Potential Hot Spots: Zimbabwe Simmers and Stumbles Along



Items About Areas That Could Break Out Into War

April 25, 2006: It's hard to tell if this signals further major economic and agricultural policy changes in Zimbabwe, the Zimbabwe government appears to be reconsidering or revising its policy of seizing farms owned by white Zimbabwean farmers. Zimbabwe faces a terrible food shortage, created in large measure by the destructive agricultural policies of dictator Robert Mugabe. Over the past six years Mugabe has taken farms from white Zimbabwean owners and redistributed the land -- to his political supporters. Farm productivity has collapsed. Mugabe justified the seizure as returning land taken by British imperialists in the 19th century. The problem is, the white farmers left the land and so did their workers (predominantly black African workers). Mugabe's replacements knew little or nothing about agriculture. In early April, the government began to consider application from white "commercial farmers" who want to continue operating farms. Some of the applications may be from farmers who wish to return to the business. Approximately 200 applications are being considered. The government may offer farmers a long-term lease arrangement, but that is speculative. Letting white Zimbabwean farmers return to farming would be a political loss of face for Mugabe, but the country needs food. Agriculture is also a source for foreign exchange and Zimbabwe is terribly short of hard currency. Poverty, a recipe for continuing trouble, is increasing. Zimbabwe has an annual inflation rate of about 900 percent. This means Zimbabwe has the most rapidly shrinking economy for a country not in a war zone. For example, last year the Ivory Coast's economy shrunk and it is in the midst of a huge civil war. The only other country on the African continent whose economy shrank in 2005 was Zimbabwe.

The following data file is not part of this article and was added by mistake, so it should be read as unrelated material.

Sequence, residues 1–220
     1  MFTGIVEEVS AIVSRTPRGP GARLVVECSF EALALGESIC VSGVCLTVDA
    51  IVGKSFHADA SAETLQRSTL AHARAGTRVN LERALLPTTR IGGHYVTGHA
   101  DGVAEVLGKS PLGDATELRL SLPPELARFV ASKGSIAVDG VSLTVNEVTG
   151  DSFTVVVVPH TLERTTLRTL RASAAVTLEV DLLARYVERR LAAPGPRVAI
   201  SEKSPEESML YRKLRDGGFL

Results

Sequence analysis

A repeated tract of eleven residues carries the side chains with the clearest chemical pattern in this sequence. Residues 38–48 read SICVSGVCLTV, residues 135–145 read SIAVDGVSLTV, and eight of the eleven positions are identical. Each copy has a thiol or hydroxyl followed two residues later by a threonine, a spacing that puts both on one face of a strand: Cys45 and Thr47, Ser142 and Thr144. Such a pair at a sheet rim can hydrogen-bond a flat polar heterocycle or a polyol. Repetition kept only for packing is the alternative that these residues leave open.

That may be true, that technically Zimbabwe is not a war zone-- but Zimbabwe may be a "proto-war zone." On April 23 the opposition group MDC called for new mass protests to "drive Mugabe from power." On April 24 Zimbabwe's security minister said that police and "armed soldiers" would shoot protestors who sought to topple the government. Zimbabwe's Security Minister is also in charge of Zimbabwe's Central Intelligence Organization, the CIO. This isn't the first time the security forces have promised to crush threatened strikes and mass protests by the democratic opposition. Mugabe also uses a militia composed of "war veterans" to intimidate his political opponents. The main opposition group in Zimbabwe is the Movement for Democratic Change, MDC. The MDC is split into two rival factions.


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